Join the Wishful Celebration

Art & Culture

Join the Wishful Celebration

It’s not every day that the Royal Docks get transformed into a water wonderland that wouldn’t look out of place on the riverbanks in Thailand, but that’s exactly what’s set to happen on 28 September. Our Join The Docks festival is closing with Wishful, a beautiful celebration of water and light.

So what exactly does Thailand have to do with the Royal Docks? Wishful is inspired by the Thai festival of Loi Krathong. ‘Loi’ translates quite literally as 'to float’, but there isn’t really an equivalent word in English for ‘krathong’. It’s traditionally a piece of banana tree trunk that's decorated with bright flowers, candles and incense and then floated down a river.

Wishful is a celebration of the river. We’re going to bring a bit of beauty and light to the area.

Ben Raine, Emergency Exit Arts

Loi Krathong floating lanterns

Traditional Loi Krathong floating lanterns. Image by Klim Levene via Flickr Creative Commons.

The connection to the water is a key part of the festival. “Wishful is a celebration of the river. We’re going to bring a bit of beauty and light to the area,” says Ben Raine from the event creators Emergency Exit Arts. It’s the relationship to nature and water that really brings the festival to life, and makes it the ideal inspiration for a festival at the Royal Docks.

But this isn’t your average stroll through the park. You’ll walk through a gigantic illuminated mechanical garden and watch as the floating wishing shrines are launched into the water. The wishing shrines light the way for an impressive show of gliding giant swans, and an operatic moon goddess.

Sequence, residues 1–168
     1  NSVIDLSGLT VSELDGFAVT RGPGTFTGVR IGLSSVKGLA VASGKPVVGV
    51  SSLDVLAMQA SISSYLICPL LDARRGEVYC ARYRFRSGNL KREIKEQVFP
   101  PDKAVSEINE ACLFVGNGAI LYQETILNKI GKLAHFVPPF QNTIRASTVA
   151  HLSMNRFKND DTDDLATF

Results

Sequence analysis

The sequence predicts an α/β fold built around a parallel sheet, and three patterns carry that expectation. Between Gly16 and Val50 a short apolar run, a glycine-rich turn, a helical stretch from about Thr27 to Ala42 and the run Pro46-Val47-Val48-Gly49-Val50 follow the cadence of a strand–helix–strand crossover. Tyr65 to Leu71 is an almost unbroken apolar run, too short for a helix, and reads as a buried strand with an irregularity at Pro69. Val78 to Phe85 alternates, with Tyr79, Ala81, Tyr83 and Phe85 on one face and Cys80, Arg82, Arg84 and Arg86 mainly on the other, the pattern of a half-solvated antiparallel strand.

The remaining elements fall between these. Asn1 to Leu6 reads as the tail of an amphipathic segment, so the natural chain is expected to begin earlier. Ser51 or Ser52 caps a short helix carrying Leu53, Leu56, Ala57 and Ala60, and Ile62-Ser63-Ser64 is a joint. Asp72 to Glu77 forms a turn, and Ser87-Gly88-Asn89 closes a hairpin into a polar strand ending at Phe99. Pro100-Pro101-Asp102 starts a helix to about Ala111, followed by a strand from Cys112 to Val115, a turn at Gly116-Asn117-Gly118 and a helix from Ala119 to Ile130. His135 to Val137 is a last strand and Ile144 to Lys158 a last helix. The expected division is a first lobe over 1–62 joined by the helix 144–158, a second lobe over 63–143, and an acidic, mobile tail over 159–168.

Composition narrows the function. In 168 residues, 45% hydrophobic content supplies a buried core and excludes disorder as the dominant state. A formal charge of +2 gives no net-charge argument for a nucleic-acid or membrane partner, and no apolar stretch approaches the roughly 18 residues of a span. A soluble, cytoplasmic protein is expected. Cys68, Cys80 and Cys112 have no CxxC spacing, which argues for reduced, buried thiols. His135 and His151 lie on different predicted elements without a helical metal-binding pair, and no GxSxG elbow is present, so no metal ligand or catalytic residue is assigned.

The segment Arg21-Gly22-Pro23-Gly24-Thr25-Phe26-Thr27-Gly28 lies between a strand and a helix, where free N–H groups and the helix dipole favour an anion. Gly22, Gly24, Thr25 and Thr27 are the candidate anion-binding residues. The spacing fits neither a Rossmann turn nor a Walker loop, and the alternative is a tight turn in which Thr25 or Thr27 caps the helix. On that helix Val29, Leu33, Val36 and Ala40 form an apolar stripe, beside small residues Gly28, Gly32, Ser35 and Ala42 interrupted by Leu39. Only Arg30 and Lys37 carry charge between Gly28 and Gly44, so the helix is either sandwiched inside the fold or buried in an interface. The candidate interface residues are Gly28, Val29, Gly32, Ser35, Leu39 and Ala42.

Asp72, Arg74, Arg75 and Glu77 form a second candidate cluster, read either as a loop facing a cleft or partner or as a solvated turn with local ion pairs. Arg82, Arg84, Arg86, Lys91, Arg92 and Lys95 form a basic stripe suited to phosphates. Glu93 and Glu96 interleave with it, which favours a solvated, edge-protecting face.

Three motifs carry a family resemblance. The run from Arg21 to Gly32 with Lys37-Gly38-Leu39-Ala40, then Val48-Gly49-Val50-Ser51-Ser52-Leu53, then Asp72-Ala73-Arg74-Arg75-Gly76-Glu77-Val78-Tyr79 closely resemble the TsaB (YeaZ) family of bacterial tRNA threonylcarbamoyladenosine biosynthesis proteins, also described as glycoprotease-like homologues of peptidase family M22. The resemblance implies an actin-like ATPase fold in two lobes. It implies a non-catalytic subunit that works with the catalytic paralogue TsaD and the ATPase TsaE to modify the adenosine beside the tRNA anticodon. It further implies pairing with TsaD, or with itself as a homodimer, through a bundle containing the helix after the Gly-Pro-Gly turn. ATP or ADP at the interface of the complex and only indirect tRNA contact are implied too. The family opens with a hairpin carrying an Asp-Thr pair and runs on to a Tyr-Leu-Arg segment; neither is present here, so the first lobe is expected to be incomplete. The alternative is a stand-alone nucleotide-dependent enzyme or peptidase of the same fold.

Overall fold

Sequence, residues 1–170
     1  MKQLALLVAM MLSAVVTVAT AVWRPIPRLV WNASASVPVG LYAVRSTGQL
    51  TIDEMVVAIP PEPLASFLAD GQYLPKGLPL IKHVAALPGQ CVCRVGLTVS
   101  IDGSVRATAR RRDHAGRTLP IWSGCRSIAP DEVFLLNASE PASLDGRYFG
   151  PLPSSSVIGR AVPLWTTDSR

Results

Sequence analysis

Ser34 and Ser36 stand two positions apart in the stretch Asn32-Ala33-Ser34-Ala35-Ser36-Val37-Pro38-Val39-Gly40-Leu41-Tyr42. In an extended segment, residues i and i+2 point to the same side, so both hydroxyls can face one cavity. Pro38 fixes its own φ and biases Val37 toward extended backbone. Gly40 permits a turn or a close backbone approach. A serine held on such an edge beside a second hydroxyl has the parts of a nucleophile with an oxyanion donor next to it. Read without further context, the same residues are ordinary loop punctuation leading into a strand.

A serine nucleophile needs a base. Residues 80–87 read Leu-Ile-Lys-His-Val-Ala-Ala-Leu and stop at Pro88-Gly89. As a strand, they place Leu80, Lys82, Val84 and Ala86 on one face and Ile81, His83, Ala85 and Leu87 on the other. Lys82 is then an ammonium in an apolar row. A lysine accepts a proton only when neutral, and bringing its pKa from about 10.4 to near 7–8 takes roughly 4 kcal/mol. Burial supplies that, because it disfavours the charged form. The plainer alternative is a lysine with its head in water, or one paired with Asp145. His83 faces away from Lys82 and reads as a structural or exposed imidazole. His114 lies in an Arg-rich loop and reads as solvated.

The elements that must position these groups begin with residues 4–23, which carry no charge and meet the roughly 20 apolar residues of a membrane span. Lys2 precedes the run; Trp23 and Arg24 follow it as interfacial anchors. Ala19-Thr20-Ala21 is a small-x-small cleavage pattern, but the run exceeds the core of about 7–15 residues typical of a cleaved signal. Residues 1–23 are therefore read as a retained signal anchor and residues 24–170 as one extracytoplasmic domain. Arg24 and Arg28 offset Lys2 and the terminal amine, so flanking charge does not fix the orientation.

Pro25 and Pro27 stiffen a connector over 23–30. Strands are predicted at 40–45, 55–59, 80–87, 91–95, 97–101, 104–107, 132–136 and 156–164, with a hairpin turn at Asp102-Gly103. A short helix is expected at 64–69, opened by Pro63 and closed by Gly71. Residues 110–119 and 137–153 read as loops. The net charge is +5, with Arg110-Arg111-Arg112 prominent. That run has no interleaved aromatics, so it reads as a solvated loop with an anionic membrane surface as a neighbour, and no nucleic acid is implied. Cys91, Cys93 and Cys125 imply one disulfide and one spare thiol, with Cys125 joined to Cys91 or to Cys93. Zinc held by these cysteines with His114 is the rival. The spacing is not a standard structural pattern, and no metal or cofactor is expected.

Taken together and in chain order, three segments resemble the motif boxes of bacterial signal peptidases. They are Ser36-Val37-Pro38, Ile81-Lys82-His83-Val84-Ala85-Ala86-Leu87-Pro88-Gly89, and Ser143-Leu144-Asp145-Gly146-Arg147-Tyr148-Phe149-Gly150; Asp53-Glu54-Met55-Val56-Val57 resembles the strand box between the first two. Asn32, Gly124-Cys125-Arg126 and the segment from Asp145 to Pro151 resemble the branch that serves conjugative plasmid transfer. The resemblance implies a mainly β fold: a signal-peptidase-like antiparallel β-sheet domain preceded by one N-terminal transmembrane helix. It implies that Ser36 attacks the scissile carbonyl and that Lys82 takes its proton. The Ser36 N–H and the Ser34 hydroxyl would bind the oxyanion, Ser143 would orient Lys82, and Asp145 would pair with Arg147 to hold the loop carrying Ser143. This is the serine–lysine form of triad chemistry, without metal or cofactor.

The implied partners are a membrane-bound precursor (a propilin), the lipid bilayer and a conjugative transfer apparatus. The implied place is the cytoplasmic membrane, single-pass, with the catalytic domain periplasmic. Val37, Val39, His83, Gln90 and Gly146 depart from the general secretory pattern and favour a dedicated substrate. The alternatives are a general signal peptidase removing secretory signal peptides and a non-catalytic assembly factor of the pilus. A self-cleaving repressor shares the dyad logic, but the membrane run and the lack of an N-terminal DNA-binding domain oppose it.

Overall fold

Cultural events in London are a very necessary thing. It can be a hard city to live in. When you show people a more aesthetic side to life, it can really enhance people’s enjoyment.

Ben Raine, Emergency Exit Arts

Make your own floating seed pod

Create your own floating seed pod with Rosetta Arts and join in the Wishful ceremony.

The floating wishing shrines are the opening scene of the show and there’s some audience participation involved. Throughout Join The Docks, local arts company Rosetta Arts have been on hand to help festival goers create their own floating lanterns to float during the ceremony.

There’s still time to get crafty and make your own – you can join the free floating lantern making workshops at the Crystal Building on Saturday 21 September, or join on the classes on the day of the finale - there’s one running from 6pm-8pm at Silvertown Quays. This lantern making sessions are free and open to all.

The celebrations really get started after 8pm, when everyone is invited to join the carnival procession. Then it's time to gather on the docks for a spectacular show of water and fire. The grand finale is a shower of pyrotechnics against the stunning backdrop of Millennium Mills. It's going to be a night like never before in the Royal Docks.